certain management functions, permitting closer integration of their meetings,
even offering a combined registration option. They will meet together again in
2008. In 2006, the AAHS will also sponsor a CME program on advances in
brachial plexus reconstruction, to be held on April 28, 29, and 30, in
All of these meetings are open to all interested parties. Further details
will be forthcoming on the society web sites, listed below. The annual
meetings of both the American Society for Surgery of the Hand and the American
Association for Hand Surgery accept free papers and also feature a wide
variety of instructional courses and symposia, many with hands-on sessions.
Over the years, as with other maturing organizations, the trend has been for
fewer free papers and more symposia and hands-on workshops, including many
non-CME-credit industry-sponsored workshops in facilities adjacent to the
accredited scientific meeting.
Membership in the two hand surgery societies is restricted to those who
have had specific hand surgery training and, in the case of the American
Society for Surgery of the Hand, those who have received the Certificate of
Added Qualification in Hand Surgery offered by the American Boards of
Orthopaedic Surgery, Plastic Surgery, and Surgery. Further information on
membership as well as any of the above meetings can be obtained by contacting
the organizations directly. Finally, both organizations maintain active web
sites, with educational and informational content directed to the public and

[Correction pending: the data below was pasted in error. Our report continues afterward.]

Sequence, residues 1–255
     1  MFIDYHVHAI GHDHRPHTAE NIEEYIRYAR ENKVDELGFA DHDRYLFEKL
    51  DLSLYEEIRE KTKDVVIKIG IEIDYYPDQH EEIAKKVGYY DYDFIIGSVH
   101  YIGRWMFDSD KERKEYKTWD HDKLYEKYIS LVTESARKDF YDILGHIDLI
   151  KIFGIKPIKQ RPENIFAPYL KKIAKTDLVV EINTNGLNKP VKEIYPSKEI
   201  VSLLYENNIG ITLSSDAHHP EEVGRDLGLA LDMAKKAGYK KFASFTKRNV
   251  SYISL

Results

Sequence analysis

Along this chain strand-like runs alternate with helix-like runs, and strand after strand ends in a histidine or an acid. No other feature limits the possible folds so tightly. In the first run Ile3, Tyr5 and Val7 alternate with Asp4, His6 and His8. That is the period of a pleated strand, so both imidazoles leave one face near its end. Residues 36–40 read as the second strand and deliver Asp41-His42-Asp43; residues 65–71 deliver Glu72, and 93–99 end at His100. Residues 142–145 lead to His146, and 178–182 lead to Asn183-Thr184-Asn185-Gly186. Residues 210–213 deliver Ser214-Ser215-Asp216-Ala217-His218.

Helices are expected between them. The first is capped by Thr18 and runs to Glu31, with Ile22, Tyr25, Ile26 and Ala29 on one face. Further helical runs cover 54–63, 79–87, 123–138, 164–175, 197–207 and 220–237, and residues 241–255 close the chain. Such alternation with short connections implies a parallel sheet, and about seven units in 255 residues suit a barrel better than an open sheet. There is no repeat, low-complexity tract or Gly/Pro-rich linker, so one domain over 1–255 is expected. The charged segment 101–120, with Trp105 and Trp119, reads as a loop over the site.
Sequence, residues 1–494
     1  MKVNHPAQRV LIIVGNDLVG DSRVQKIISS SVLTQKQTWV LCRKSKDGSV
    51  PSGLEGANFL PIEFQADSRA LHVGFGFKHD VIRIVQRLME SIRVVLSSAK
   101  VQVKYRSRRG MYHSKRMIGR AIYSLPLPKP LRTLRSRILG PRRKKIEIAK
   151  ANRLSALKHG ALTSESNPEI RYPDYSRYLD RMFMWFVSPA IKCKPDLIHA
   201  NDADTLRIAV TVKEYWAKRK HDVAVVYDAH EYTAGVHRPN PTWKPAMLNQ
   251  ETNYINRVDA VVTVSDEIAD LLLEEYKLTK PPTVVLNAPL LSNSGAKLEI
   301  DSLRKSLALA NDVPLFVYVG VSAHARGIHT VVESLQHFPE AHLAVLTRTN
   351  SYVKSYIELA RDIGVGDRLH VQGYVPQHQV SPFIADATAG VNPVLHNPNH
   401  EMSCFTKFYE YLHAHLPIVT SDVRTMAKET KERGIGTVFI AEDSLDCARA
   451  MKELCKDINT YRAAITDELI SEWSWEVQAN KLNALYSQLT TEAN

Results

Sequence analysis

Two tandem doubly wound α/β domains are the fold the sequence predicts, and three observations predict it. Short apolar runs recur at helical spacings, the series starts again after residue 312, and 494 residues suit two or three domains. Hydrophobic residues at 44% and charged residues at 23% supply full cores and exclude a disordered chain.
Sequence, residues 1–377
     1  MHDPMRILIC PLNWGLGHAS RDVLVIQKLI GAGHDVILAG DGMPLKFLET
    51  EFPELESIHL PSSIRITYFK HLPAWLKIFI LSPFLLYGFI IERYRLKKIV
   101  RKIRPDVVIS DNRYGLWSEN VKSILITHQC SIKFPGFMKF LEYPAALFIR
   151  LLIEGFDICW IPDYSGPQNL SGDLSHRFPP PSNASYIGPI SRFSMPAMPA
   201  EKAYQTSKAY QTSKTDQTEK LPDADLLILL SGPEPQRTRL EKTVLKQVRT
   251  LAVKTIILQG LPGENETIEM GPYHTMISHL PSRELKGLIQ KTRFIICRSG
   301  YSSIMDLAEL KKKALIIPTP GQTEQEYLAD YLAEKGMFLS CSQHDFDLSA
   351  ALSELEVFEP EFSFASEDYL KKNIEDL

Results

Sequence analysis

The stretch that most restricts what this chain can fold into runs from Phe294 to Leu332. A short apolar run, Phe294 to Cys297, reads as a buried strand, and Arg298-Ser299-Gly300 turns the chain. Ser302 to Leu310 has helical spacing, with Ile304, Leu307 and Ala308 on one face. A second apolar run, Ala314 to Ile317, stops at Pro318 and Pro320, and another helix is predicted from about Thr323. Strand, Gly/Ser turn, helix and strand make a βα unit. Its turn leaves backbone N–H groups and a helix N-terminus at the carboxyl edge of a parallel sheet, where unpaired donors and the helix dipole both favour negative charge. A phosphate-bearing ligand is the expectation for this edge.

interested medical professionals, as well as members.
American Society for Surgery of the Hand
6300 North River Road, Suite
Rosemont, IL 60018-4256
American Association for Hand Surgery
20 North Michigan Avenue, Suite
Chicago, IL 60602
The editorial staff of The Journal reviewed a large number of
recently published research studies related to the musculoskeletal system that
received a Level of Evidence grade of I. Over 100 medical journals were
reviewed to identify these articles, which all have high-quality study design.
In addition to articles published previously in this journal or cited already
in this Update, eight level-I articles were identified that were relevant to
hand surgery. A list of those titles is appended to this review after the
standard bibliography. We have provided a brief commentary about each of the
articles to help to guide your further reading, in an evidence-based fashion,
in this subspecialty area.
Whittaker JP, Nancarrow JD, Sterne
GD. The role of antibiotic prophylaxis in clean incised hand injuries: a
prospective randomized placebo controlled double blind trial.
Hand Surg [Br].2005;30:162-7.
One hundred and seventy patients with clean hand injuries were randomize to
one of three groups: Group A (one dose of intravenous flucloxacillin followed
by oral placebo), Group B (one dose of intravenous flucloxacillin followed by
oral flucloxacillin for five days), or Group C (oral placebo only). Exclusion
criteria included open fractures, an immunocompromised status, bite wounds,
crush wounds, or wounds that were grossly contaminated with soil or grass. The
rate of infection (defined as the presence of gross purulence, erythema,
swelling, and/or a positive wound culture at one, two, or four weeks) was 13%
in Group A, 4% in Group B, and 15% in Group C. None of the differences were
significant. A power analysis had assumed an overall infection rate of 5%; the
actual rate was 10%. The take-home message from this study is that clean hand
wounds may well be more likely to have wound-healing problems, including
infection, than is commonly assumed. The trend toward fewer infections in
association with the use of antibiotics is certainly logical and supports the
common practice of using such drugs. However, additional studies involving
more patients are needed to determine the optimal treatment of clean hand
Jeong GK, Kaplan FT, Liporace F,